|               `-pulseaudio-+-gsettings-helpe---3*[{gsettings-helpe}]
            |                            `-2*[{pulseaudio}]
            |-systemd(kamil)-+-(sd-pam)
            |                |-dbus-daemon
            |                `-pulseaudio-+-gsettings-helpe---3*[{gsettings-helpe}]
            |                             `-{pulseaudio}
            |-systemd(bisztynek)-+-(sd-pam)
            |                    |-dbus-daemon
            |                    `-pulseaudio-+-gsettings-helpe---3*[{gsettings-helpe}]
            |                                 `-{pulseaudio}
            |-systemd-journal
            |-systemd-logind
            |-systemd-timesyn(systemd-timesync)---{systemd-timesyn}
            |-systemd-udevd
            |-tmux: server(kamil)---bash---pstree
            |-transmission-da(debian-transmission)---3*[{transmission-da}]
            |-udisksd---4*[{udisksd}]
            |-upowerd---2*[{upowerd}]
            `-wpa_supplicant
    
    @Failing1 $ pstree -lu
    systemd-+-VGAuthService
            |-agetty
            |-cron
            |-dbus-daemon(messagebus)
            |-dhclient
            |-nmbd
            |-rsyslogd---3*[{rsyslogd}]
            |-smbd-+-cleanupd
            |      |-smbd
            |      `-smbd-notifyd
            |-sshd---sshd---sshd(kamil)---bash---tmux: client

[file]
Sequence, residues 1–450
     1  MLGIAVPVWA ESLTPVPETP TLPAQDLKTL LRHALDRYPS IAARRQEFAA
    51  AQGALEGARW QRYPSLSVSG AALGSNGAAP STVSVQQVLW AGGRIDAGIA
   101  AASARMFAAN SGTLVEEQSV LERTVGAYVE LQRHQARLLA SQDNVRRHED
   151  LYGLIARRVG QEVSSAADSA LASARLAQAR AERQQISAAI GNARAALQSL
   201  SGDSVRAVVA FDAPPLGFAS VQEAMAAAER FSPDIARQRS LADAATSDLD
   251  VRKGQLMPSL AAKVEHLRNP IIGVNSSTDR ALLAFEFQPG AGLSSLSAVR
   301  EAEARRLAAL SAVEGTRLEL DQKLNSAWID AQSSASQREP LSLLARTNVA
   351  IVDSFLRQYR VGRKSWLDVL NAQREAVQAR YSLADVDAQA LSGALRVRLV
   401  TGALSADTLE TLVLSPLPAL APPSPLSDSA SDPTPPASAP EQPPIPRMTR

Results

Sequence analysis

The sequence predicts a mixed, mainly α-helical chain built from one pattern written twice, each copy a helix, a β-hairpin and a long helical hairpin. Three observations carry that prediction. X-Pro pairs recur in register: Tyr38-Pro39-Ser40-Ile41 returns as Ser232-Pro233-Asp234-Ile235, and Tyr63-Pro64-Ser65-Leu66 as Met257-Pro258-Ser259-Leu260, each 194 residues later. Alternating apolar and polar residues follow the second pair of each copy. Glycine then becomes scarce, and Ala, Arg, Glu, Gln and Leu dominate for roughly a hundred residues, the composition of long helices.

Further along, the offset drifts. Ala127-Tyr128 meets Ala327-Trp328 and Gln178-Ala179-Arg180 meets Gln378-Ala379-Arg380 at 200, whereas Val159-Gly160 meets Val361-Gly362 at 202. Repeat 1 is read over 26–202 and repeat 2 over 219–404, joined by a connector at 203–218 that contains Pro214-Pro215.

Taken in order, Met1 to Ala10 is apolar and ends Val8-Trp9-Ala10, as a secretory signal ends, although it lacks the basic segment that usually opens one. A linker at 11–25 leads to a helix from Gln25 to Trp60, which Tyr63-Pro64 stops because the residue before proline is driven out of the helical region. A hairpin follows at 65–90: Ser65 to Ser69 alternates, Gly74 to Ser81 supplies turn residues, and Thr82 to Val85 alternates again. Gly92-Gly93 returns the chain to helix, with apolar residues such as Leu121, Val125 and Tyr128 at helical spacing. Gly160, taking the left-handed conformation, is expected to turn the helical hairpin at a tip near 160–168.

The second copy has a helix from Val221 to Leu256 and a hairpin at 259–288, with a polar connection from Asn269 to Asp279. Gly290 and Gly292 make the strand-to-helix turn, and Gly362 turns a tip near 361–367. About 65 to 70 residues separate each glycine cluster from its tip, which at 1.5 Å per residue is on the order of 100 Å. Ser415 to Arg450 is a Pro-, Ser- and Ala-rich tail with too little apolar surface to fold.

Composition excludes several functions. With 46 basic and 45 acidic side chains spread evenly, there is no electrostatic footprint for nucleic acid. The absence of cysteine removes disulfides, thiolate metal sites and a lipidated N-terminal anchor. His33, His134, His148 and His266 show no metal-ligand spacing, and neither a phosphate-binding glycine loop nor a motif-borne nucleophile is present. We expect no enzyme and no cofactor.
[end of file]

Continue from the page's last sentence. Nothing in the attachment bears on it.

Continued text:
|-systemd(kamil)---(sd-pam)
            |-systemd-journal
            |-systemd-logind
            |-systemd-timesyn(systemd-timesync)---{systemd-timesyn}
            |-systemd-udevd
            |-tmux: server(kamil)-+-2*[bash---nano]
            |                     `-bash---pstree
            `-vmtoolsd---2*[{vmtoolsd}]
    

    Other systems from the Failing group may run slightly different sets of tasks, they are all similarly minimalistic though.


Observation

One big difference between the Successful Debian and each Failing one is the GUI. There are Xorg, sddm and related processes on Successful. But as I said, I don't log in to the GUI at all. I don't know if it has anything do do with the problem. Maybe it's just a red herring.

1 Answer 1

2

While creating the question, I noticed polkitd running in the Successful system, but not in any Failing one. I knew the problem has much to do with polkit, so I gave it a try in one Debian of the Failing group:

sudo apt-get install polkitd

And yes, this is it, problem solved. Now I can use systemd-inhibit --what=idle as a regular user.

I think on the Successful Debian polkitd was installed because of other packages (e.g. network-manager) that depend on it.

Originally the question was not supposed to be self-answered, I genuinely needed help. An example of rubber duck debugging, I guess.